We live in a very big world that is full of diverse and rich cultures, places, and people. There are many differences between our many cultures that we should celebrate, but far too often overlook. One such example of letting lines blur too easily, are the terms Hispanic, Latino, and Latinx. All three of which tend to be used interchangeably and incorrectly. These three terms are not the same and necessarily don’t represent the same groups of people. Let’s explore what each of these terms means and the one unifying factor that links these different groups together.
Hispanics vs. Latinos vs. Latinx
Before we look at what unites these different groups, let’s look at how they differ and where some of the confusion about their differences may stem from. In many cases these terms overlap, but they do mean different things.
Hispanic. The term hispanic is used to refer to those that come from a Spanish-speaking background and does not reflect their geographic location.
Latino. This term does in fact relate to location and not to language. In order to classify someone as Latino, they generally need to come from the geographic region of Latin America. The term Latino includes people from many areas in Central and South America, alongside the Caribbean. In many cases people identify as both Hispanic and Latino, as both terms apply to their backgrounds. For example, someone from Brazil is a Latino, Latina or Latinx because they are from Latin America, but their language is not Spanish, it is Portuguese. Whereas someone from Colombia is both a Latino, Latina or Latinx and also Hispanic (because they speak Spanish).
Latinx. While the term Latinx is relatively new, it is becoming an important term used in conversations about gender equality and inclusion. Spanish is a gendered language, which means words are associated with the female or male gender. A Latin American woman is a Latina and a Latin American man is a Latino. Latinx has appeared as an alternative to be inclusive of people who don’t associate with either gender. Essentially, Latinx is a gender-neutral alternative to Latino or Latina. If someone is Latino, they are also Latinx and vice versa. The primary purpose of this term is to be inclusive of people who don’t consider themselves to be female or male.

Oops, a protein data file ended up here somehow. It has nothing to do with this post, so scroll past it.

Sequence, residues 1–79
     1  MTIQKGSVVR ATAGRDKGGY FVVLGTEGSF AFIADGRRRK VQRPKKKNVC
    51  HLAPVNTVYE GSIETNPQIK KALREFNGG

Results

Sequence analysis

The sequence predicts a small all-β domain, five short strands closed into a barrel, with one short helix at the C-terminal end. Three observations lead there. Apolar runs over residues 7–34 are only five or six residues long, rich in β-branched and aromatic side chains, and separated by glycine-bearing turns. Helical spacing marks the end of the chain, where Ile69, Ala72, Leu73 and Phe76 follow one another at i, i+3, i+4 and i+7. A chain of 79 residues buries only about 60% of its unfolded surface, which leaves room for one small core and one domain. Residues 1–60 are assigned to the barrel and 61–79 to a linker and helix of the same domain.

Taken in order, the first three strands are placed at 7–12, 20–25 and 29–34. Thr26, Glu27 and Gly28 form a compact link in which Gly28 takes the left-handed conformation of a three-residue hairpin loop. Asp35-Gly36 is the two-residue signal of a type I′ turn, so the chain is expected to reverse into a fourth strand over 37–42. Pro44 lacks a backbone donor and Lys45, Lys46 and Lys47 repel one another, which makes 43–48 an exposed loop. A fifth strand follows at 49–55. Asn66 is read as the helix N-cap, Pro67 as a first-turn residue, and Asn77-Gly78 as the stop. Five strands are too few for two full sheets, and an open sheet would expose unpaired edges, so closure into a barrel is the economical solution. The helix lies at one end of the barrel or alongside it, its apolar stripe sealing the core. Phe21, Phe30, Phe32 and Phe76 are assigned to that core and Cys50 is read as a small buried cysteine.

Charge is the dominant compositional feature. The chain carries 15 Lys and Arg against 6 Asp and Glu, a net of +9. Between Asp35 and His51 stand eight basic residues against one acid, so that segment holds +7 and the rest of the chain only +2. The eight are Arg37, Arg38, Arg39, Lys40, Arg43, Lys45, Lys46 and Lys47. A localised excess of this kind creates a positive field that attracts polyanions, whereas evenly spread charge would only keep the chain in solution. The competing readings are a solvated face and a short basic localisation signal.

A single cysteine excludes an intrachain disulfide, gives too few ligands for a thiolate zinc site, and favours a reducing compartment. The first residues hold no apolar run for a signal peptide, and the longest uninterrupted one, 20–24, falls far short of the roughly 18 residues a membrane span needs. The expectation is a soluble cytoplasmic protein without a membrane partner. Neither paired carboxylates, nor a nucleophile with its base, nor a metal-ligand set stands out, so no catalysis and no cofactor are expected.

A Diverse Presence in the US
The US Census Bureau counts anyone who says they are Hispanic as Hispanic, which allows residents to choose how they identify. As cultural norms evolve surrounding what it means to be Hispanic, Latino, or Latinx in the US today, this enables those self-reporting to identify as they see fit. As of July, 2019 it was estimated that almost 61 million Hispanics lived in the U.S. accounting for 18.5% of the nation’s total population.
What Unites Them
Ultimately, all of these terms are labels and very wide labels at that. Within each label, there is so much diversity and many countries of origin that fall under them. Sometimes, the only thing that unites these groups is a shared language — Spanish. In the US, many Hispanics from different countries are united by their shared language. Because all these Spanish speakers of different nationalities coexist in the US and interact with each other and with English speakers, the language has and continues to evolve and adapt. The Spanish language one can hear in the US is known as US Spanish.
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